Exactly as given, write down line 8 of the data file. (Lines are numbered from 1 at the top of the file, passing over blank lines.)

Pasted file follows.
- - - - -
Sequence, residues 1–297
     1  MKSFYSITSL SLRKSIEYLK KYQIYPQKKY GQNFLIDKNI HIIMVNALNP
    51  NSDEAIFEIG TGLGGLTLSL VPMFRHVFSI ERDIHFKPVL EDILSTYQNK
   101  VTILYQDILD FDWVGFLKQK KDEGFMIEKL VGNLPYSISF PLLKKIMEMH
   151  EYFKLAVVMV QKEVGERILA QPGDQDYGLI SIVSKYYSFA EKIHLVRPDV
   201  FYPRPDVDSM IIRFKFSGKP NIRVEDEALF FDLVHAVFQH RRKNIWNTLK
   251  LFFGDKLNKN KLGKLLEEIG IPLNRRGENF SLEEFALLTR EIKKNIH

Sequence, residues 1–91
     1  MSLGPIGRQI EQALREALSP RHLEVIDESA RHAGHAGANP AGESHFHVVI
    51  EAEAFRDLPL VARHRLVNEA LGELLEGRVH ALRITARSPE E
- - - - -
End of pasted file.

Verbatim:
Sequence, residues 1–91